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It is often said that Amateurs think in tactics and Professionals think in logistics. I believe the logistics of roping at a high level are just as important if not more than the actual skill it takes to get there. Roping at a high level is a large undertaking. It takes time, energy, horse power, will power, correct finances, proper practice scenarios, and proper transportation among many other things.

Logistics of roping

Many young people really want to rope at a high level, but most are not willing to take the time to step back and think about the logistics it takes to get there. Do you have enough horses? Do you have enough steers? How about your finances? How reliable is your truck? Things like this make the difference between someone who ropes good and someone who makes the NFR.

How many horses do you have/need? Now this can be different for everyone, some people believe they are at their sharpest when they have at least 15-20 horses they rope on every day while others prefer 5 rank ones and a practice horse. Everyone is different but the fact remains that high level ropers have a herd of horses that works for them and they can run a lot of steers every day.

Do you have a good place to practice? A place that lets you run as many steers as needed and gets you to a higher level most every day? Do you have the right kind of steers and enough of them? Do you have the right guys coming over that understand your goals and help push you to a higher level?

Have you thought about your own finances in depth? Do you have the money to go to several ropings/rodeos, not win and still be able to keep going? Everything is not always going to go your way and a person needs to be able to financially withstand the ups and downs that come with roping.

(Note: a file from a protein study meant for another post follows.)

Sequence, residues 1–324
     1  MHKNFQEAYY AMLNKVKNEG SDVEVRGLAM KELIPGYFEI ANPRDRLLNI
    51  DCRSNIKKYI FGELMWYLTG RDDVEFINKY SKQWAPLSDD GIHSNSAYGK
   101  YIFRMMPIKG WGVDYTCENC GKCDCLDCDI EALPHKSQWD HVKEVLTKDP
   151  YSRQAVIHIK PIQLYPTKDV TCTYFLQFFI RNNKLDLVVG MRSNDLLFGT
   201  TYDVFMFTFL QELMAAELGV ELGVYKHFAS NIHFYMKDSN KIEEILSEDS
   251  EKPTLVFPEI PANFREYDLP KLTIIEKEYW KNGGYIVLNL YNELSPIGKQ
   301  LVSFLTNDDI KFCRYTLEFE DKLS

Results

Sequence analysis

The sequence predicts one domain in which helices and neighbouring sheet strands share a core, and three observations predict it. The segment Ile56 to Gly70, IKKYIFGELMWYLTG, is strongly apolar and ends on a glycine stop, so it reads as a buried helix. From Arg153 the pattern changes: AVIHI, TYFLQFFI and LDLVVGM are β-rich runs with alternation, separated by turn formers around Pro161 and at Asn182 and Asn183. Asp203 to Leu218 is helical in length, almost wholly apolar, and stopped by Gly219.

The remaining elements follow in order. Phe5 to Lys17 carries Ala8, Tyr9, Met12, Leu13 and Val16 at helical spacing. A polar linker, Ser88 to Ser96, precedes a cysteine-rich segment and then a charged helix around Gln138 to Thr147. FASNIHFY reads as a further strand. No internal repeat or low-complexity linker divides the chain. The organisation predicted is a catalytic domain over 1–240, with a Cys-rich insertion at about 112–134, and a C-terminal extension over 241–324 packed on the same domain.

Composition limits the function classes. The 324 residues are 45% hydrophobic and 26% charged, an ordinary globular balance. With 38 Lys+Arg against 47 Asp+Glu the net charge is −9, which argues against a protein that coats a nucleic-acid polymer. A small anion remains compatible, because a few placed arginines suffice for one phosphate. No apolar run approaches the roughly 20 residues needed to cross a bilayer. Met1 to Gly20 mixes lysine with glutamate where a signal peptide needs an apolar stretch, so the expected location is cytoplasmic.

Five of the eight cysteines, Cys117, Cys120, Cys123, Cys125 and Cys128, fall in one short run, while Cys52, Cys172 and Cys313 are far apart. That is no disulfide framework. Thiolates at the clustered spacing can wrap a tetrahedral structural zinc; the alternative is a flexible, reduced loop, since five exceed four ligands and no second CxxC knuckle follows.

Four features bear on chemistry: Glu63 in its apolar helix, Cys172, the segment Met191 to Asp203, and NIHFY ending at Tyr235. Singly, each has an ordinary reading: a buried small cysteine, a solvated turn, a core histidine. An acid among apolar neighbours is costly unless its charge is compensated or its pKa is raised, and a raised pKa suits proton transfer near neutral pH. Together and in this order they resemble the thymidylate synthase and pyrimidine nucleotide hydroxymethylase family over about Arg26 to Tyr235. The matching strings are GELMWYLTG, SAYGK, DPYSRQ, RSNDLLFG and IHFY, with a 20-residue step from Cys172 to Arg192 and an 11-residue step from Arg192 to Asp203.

What about your own energy level? Coming from a person who has ridden 20 roping horses in a day, it is exhausting. I hear people say all the time, must be nice to rope all day, but it takes a substantial amount of energy to ride 15-20 head, much less take care of them. Are you in good enough physical shape to perform at that level.

Let’s talk transport. Now, I’m not saying you have to have a 100k + rig to go down the road, there have been many guys that made the finals in a stock trailer. But I am saying a person needs at least a reliable truck and a safe trailer in order to start rodeoing and going full time. Trotting to the roping or always having to catch a ride is not a sustainable solution.

How about your time management? The best in the world rope a lot of steers every day, they work on their game, enter rodeos, lineup partners and manage their practice every day. This takes a substantial time investment in order to get the things done that improve your game. Remember movement without achievement is the drain to your life.

It takes a lot of factors to create a high level roper and many of them have nothing to do with a rope. It is the guys that are willing to step back and take a 10,000 foot view of their game that continue to get to a higher and higher level. Those who are not, often never get to the level that they desire. Roping is just like anything, you get out what you put in. As always, hope this article was helpful, Stay safe, Have Fun and God Bless.

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